Sunday’s New York Times had a piece about a major acquisition by The Library Of Congress: a huge number of master recordings from Universal Music Group which have been sitting idle for as much as 85 years.
These lacquer and glass masters had been stored in a former limestone mine in Pennsylvania, and are in the process of being transferred to an LOC facility near Culpepper, VA. According to the Times, these recordings will be archived and digitized, with streaming access made available to the general public at some point in the future.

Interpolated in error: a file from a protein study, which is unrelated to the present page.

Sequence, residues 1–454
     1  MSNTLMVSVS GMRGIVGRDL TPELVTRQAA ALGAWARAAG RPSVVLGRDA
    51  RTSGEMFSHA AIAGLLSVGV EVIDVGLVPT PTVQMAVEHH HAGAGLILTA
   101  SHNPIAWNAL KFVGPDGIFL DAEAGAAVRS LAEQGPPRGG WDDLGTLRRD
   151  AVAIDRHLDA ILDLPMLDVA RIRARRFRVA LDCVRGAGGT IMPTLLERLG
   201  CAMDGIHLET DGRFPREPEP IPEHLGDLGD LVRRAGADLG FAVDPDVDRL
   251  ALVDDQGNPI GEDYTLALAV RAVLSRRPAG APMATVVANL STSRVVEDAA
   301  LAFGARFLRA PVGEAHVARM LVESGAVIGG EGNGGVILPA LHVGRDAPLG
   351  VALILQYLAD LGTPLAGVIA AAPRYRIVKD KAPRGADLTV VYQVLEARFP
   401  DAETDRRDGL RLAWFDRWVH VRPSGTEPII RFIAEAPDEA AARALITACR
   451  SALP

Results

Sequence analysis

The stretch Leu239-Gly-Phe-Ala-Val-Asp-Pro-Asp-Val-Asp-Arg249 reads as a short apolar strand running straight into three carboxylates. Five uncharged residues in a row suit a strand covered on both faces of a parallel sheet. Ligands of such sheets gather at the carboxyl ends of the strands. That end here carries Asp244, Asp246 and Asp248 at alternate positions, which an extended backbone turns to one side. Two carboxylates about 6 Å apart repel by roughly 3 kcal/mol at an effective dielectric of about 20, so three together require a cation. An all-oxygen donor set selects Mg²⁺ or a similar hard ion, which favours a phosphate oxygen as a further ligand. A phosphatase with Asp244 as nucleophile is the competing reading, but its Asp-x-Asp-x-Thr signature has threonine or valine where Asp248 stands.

These are said to include both masters of finished records, along with alternate takes and session chat from some major artists.
“Besides music by towering figures like Crosby, Louis Armstrong, Billie Holiday, Ella Fitzgerald and Judy Garland, the collection includes songs by stars like the Mills Brothers, Fred Waring, Guy Lombardo and the Andrews Sisters. For connoisseurs of American roots music, there is also country music from Ernest Tubb, bluegrass from Bill Monroe and a wide variety of guitar and piano blues, gospel and jug-band music.”
More details can be found on the NYT web site.